Choosing The Right Heating and Cooling System For Your Home
Buyers Beware: Correctly Sized Air Conditioners Save Money!
When you purchase a new cooling and heating system to change your old one - or if a totally new system is being installed in your new house - the installer has to know how big or, more importantly, how little the system must be. In order to know exactly how huge (or little) it ought to be, the contractor has to compute just how much cooling and heating capacity it need to need to keep the residents comfortable. This is called the load of the house.
The load of the home is partially dependent upon the house's square video. However, a real load computation goes beyond that. A precise load determination includes structure construction; orientation to the sun; 'R' value of the insulation; number, size, and positioning of rooms; number, size, and positioning of windows and doors; kinds of windows and doors (thermal effectiveness); number and arrangement of floors; and the environment.
Residential load computations make use of mathematical solutions that take all these variables into consideration. They have been digital, so they're not as time-consuming as they remained in the past.
Determining the load by utilizing general rules often causes an over-sized cooling and heating system, leading to an increased initial cost, increased regular monthly energy costs, increased maintenance, and get more info shortened devices life due to the fact that the equipment cycles off and on too frequently.
Who Does the Load Calculation?
The professional you opt to install your brand-new system needs to be able to perform these calculations. You may ask him for this service. If he doesn't want to do it, or says it isn't necessary, you may want to look for a different contractor. In some areas, the regional energy will carry out a load estimation - talk to your local utility.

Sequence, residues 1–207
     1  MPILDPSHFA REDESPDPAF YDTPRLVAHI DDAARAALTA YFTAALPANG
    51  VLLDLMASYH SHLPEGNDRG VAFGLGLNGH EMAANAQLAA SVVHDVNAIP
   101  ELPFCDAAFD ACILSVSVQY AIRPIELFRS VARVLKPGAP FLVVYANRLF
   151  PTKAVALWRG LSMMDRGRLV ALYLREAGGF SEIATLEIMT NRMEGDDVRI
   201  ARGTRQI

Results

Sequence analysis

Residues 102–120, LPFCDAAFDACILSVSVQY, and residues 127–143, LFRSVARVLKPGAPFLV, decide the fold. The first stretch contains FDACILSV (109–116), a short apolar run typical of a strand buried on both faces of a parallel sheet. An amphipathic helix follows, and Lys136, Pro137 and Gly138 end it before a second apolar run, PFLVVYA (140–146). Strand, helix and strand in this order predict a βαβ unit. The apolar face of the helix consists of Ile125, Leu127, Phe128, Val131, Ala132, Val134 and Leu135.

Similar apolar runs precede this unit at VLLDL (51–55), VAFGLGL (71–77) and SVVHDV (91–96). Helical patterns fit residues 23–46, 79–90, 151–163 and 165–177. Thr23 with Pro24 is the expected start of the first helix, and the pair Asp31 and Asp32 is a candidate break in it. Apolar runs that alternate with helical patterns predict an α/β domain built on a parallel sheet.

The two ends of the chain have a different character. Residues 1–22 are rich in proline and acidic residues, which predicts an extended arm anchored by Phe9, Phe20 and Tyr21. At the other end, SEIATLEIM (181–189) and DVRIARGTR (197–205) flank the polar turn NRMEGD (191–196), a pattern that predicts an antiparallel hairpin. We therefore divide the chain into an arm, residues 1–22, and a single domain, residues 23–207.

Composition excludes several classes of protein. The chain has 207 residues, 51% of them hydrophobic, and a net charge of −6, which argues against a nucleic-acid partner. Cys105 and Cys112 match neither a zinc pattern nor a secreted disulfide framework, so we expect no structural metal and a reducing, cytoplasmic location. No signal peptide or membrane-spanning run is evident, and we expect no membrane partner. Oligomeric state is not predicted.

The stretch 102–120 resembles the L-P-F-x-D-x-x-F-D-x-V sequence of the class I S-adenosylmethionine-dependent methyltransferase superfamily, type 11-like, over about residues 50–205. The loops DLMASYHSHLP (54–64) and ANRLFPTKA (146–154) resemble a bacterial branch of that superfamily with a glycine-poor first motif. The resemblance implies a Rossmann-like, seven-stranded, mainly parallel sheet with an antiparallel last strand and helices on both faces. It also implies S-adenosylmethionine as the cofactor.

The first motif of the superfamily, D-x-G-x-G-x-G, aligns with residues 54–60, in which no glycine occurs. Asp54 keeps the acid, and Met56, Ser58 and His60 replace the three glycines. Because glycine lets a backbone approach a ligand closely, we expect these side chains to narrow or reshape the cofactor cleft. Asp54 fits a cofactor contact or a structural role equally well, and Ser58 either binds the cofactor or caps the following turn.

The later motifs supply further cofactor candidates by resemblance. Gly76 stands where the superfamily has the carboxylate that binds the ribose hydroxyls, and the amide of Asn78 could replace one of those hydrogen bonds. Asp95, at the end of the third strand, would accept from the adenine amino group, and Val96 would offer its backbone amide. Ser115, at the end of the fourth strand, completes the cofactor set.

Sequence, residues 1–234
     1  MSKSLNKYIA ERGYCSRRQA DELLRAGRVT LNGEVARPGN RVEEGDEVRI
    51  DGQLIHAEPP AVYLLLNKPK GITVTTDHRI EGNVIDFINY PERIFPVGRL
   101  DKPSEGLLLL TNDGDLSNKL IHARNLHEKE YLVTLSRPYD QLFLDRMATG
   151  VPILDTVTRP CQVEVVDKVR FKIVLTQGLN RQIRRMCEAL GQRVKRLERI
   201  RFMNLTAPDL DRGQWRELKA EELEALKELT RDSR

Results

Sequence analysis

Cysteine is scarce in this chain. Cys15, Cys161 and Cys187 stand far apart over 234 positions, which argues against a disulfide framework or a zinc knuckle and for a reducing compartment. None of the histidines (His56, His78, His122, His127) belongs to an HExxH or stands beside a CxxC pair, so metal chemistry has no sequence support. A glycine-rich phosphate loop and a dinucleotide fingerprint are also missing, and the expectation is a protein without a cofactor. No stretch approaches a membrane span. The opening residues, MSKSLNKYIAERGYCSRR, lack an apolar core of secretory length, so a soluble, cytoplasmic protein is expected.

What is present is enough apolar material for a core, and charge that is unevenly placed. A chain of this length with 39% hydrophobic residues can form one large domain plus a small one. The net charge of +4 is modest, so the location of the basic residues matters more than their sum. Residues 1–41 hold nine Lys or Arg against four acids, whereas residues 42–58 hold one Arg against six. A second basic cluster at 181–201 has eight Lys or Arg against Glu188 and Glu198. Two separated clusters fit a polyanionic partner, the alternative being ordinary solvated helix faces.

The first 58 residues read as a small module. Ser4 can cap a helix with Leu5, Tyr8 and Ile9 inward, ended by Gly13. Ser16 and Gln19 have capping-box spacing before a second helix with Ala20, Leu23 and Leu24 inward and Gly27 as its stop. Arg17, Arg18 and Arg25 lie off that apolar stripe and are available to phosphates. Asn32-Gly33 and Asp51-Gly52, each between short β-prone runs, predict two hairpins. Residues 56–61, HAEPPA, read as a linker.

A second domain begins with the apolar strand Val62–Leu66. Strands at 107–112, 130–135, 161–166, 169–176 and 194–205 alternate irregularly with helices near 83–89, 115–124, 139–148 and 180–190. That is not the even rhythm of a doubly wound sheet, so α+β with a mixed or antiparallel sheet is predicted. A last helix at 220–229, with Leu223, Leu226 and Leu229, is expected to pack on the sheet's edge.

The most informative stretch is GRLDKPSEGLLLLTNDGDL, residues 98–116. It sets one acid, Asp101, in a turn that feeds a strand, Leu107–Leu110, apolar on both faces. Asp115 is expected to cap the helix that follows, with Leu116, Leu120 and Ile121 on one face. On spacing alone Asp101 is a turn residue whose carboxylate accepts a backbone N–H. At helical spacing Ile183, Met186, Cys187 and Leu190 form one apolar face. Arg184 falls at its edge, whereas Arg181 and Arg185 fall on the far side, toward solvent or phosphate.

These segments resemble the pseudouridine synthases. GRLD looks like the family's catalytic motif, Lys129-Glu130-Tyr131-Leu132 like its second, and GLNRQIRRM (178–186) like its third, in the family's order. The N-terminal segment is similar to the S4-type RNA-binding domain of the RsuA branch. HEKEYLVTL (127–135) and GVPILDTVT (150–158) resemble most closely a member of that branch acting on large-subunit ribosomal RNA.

Why it's Important to Have the Right Sized System
Having the wrong-size heating-cooling system can lead to numerous issues. Over-sizing your cooling system is not an advantage. Without entering into too much detail, your cooling load includes two parts:
- The temperature of the air, called the reasonable load.
- Wetness or 'humidity' in the air, called the latent load.
We've all heard the stating, 'It's not the heat; it's the humidity.' A cooling system that is too huge cools down the temperature level extremely quickly, however it does not run long enough to remove enough moisture or 'humidity' from the air. The outcome is you feel cool but clammy. Many people then more info decline the thermostat to make the air conditioning system run longer, increasing the energy bill. In many cases, the inadequate wetness elimination resulting from over-sized cooling devices can lead to mold development and other types of moisture-related damage.
A properly sized cooling system runs long enough to 'wring' moisture from the air. This allows you to be comfy at a somewhat see more higher thermostat setting and enables you to conserve money on your utility costs. It also takes care of the 'mugginess' without making you feel too cold.
Cooling systems are sized in 'tons,' which is a step of the rate at which they provide cooling, not how much they weigh. One ton of cooling is equal to 12,000 BTU/H (British Thermal Units per hour), the rate of cooling needed to freeze one lots of ice at 32F in one day.
It is much better to have a system that provides a little less than the needed tonnage of cooling, rather than a system that supplies more than the required tonnage of cooling.